The Scientific Committee on Oceanic Research (SCOR) developed the International Indian Ocean Expedition (IIOE) as its first major activity, after identifying at its first meeting in 1957 that the Indian Ocean was the least known of all ocean basins (Deacon, 1957). The United States played a major role in creation of the IIOE, and supported the international coordination office in New York City from late 1959 to mid-1962. The U.S. contributions to IIOE were coordinated through the Committee on Oceanography of the National Academy of Sciences. The Intergovernmental Oceanographic Commission (IOC) of UNESCO joined SCOR as a co-sponsor of IIOE.
The IIOE conducted over a five-year period was the greatest multinational effort in oceanographic history and greatly increased our understanding of Indian Ocean processes and the role of the Indian Ocean in the global system. Several major national and international projects built on the foundation of the IIOE in the following decades, including the Indian Ocean Experiment (INDEX, 1979); the Deep Sea Drilling Project (1968–1983); the Netherlands Indian Ocean Program (NIOP, 1992-1993); the Arabian Sea Process Study of the international Joint Global Ocean Flux Study (JGOFS in the 1990s); the World Ocean Circulation Experiment (WOCE in the 1990s); the Census of Marine Life (CoML 2000-2010); the International Ocean Discovery Program (which is the modern continuation of the Deep Sea Drilling Project) and the CLIVAR and GO-SHIP programs, which have continued the regular hydrographic surveys started by WOCE. U.S. scientists and funding contributed to most of these projects.
Still, in 2011, SCOR and IOC recognized that the Indian Ocean remains one of the least studied of ocean basins, yet impacts billions of people on Earth. Because of declining research funding in developed countries, fewer research cruises now make their way to the Indian Ocean. SCOR, IOC, and their subgroups began discussing the need for another intensive period of study in the Indian Ocean region and the concept of a second International Indian Ocean Expedition (IIOE-2) was developed (Hood et al., 2014). The concept was first limited to re-occupation of a subset of transects originally followed during the IIOE to characterize any changes in physical, chemical, and biological properties. As these discussions evolved, it became apparent that there should be an entirely new science plan developed, based in part on existing regional research projects such as SIBER, CLIVAR and GEOTRACES; existing observation programs such as Indian Ocean GOOS and GO-SHIP, and augmented with new science to fill gaps among existing programs. In response, SCOR commissioned a new international science plan for an IIOE-2 that was recently circulated for public review and comment (Hood et al., 2015). This plan has been approved and adopted by the IIOE-2 Interim Planning Committee of the IOC.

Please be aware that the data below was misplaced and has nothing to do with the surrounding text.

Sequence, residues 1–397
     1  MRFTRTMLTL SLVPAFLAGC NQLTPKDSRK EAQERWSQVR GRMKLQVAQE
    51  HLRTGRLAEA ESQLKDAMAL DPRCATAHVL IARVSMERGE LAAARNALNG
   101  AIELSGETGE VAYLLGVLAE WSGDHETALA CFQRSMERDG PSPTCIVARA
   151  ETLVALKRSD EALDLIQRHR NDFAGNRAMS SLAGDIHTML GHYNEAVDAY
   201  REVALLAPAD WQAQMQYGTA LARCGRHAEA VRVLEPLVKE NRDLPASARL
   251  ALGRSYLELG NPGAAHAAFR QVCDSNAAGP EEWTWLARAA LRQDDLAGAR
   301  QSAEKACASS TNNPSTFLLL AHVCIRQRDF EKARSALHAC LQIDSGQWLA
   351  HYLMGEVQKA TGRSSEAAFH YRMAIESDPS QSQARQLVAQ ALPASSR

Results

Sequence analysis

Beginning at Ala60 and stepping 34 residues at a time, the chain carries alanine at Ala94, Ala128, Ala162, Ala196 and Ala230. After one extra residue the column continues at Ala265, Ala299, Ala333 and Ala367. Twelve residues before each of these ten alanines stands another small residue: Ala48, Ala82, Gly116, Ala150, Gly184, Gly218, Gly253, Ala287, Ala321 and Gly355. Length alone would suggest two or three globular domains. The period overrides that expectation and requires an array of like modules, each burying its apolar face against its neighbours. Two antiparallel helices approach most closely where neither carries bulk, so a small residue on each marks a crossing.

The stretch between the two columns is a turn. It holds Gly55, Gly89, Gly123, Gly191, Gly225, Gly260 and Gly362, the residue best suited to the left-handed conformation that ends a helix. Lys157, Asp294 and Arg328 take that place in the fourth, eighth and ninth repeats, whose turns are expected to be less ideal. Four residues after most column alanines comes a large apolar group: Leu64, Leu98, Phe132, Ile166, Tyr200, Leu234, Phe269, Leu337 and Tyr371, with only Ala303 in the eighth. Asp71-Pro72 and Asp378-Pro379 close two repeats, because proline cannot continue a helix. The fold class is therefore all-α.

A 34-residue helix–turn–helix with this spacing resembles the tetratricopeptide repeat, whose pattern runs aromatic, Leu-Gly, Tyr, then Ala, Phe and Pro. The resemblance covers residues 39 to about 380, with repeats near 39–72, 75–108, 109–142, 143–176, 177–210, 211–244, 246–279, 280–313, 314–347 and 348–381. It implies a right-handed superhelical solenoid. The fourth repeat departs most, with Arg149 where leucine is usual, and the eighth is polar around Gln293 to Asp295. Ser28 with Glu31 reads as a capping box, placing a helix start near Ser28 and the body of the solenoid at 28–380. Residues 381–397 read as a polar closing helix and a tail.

In addition to existing programs, IIOE-2 stands to benefit immensely from greatly improved ocean observing (satellites, Argo floats, fixed moorings), computing, and communication capabilities. Another important development in the 50 years since IIOE’s completion is the increase in ocean research capacity in many of the Indian Ocean Rim nations, making it possible for greater involvement of regional scientists and enhanced collaboration in IIOE-2 research.
The U.S. Committee for IIOE-2 will help U.S. scientists coordinate their research in the Indian Ocean, develop new research projects, and interface with international IIOE-2 activities.
Deacon, G.E.R. 1964. International Indian Ocean Expedition. Nature 201:561-562.
Hood, R.R. M.J. McPhaden, and E. Urban. 2014. New Indian Ocean Program Builds on a Scientific Legacy. Eos 95:349–350.
Hood, R.R., H.W. Bange, L. Beal, L.E. Beckley, P. Burkill, G.L. Cowie, N. D’Adamo, G. Ganssen, H. Hendon, J. Hermes, M. Honda, M. McPhaden, M. Roberts, S. Singh, E. Urban, and W. Yu. 2015. Science Plan of the Second International Indian Ocean Expedition (IIOE-2): A Basin-Wide Research Program.
Status: The U.S. Committee for IIOE-2 has been formed and is beginning to work on a U.S. implementation plan, which will specify the portions of the international IIOE-2 Science Plan that U.S. scientists will tackle, and will provide some details about how the identified science will be implemented.
Contact: Raleigh Hood (rhood at umces.edu)